8:  version=14
9:
10:  ps2pdf="dirname $0/ps2pdf$version"
11:  if test ! -x "$ps2pdf"; then 12: ps2pdf="ps2pdf$version"
13:  fi
14:  exec "$ps2pdf" -dEPSCrop "$@"


If you have ps2pdf on your system, you’ll see that this is just a simple edit of it. The -dEPSCrop option in Line 14 is what tells Ghostscript to crop the output file to match the EPS’s BoundingBox. This one simple change means I no longer have to crop PDFs by hand in Preview.

The second script is for converting EPSs into PNGs. If you have a version of Gnuplot that’s been compiled with PNG output support,1 you may think this script is unnecessary. But I don’t like Gnuplot’s PNG output. It’s a pain in the ass to use because it doesn’t know where to look on the Mac for TrueType fonts, and even after you tell it, it doesn’t understand the Mac’s .dfont format. So you have to figure out how to extract the TrueType fonts from a .dfont and save them separately, then tell Gnuplot how to find them, and then…and then the graphs you end up with after all that look kind of crappy anyway. The fonts are spindly and the lines in the graph are jaggy.

Which brings me to eps2png. Like eps2pdf, it’s a slightly edited version of a script bundled with Ghostscript—in this case, ps2pdfwr.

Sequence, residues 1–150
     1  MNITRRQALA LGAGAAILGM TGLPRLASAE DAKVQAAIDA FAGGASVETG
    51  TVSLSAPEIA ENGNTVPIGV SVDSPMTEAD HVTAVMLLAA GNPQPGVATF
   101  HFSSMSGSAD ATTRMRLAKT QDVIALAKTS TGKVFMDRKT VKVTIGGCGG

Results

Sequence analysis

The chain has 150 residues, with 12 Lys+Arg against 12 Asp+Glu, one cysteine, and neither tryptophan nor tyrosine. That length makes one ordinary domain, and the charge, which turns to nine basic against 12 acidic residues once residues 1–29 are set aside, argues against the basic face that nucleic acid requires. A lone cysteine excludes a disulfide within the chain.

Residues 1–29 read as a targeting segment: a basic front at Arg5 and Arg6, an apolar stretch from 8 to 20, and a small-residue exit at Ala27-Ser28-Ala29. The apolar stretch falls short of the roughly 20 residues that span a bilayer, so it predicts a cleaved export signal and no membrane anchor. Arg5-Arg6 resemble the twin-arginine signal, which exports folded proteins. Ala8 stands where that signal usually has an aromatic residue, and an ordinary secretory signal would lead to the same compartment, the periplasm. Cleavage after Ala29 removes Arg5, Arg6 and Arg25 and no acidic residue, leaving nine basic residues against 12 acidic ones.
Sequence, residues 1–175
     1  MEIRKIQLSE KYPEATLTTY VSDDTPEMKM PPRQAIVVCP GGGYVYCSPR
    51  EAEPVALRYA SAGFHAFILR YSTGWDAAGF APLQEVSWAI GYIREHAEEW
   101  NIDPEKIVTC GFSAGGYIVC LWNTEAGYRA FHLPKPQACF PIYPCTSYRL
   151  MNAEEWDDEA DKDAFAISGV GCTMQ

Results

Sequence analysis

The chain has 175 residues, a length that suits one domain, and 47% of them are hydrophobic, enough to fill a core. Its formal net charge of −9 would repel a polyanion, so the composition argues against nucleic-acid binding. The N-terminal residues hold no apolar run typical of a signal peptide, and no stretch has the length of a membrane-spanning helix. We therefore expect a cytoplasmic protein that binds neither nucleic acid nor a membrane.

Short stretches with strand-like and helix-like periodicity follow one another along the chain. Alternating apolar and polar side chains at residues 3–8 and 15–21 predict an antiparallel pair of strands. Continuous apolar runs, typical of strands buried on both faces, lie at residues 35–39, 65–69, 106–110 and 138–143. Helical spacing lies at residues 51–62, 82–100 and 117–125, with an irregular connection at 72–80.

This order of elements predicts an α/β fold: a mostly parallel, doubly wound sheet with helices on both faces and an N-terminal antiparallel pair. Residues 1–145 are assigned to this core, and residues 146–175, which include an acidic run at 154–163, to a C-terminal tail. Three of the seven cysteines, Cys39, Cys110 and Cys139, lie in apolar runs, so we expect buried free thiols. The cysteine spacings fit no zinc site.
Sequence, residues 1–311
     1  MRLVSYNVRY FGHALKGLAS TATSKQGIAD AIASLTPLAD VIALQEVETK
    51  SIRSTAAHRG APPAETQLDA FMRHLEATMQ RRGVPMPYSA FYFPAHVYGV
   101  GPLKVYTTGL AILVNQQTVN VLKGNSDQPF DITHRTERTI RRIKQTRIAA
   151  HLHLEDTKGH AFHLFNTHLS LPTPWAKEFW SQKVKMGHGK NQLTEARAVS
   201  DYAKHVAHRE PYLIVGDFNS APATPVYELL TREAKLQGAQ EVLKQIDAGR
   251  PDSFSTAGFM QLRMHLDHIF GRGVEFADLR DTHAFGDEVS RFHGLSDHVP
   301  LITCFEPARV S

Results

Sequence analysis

bash:
1:  #!/bin/sh
2:
3:  # This definition is changed on install to match the
4:  # executable name set in the makefile
5:  GS_EXECUTABLE=gs
6:  gs="dirname $0/$GS_EXECUTABLE"
7:  if test ! -x "$gs"; then 8: gs="$GS_EXECUTABLE"
9:  fi
10:  GS_EXECUTABLE="$gs" 11: 12: OPTIONS="-dSAFER" 13: while true 14: do 15: case "$1" in
16:   -?*) OPTIONS="$OPTIONS$1" ;;
17:   *)  break ;;
18:   esac
19:   shift
20:  done
21:
22:  if [ $# -lt 1 -o$# -gt 2 ]; then
23:   echo "Usage: basename $0 [options...] (input.[e]ps|-) [output.png|-]" 1>&2 24: exit 1 25: fi 26: 27: infile="$1";
28:
29:  if [ $# -eq 1 ] 30: then 31: case "${infile}" in
32:     -)    outfile=- ;;
33:     *.eps)  base=basename "${infile}" .eps; outfile="${base}.png" ;;
34:     *.ps)   base=basename "${infile}" .ps; outfile="${base}.png" ;;
35:     *)    base=basename "${infile}"; outfile="${base}.png" ;;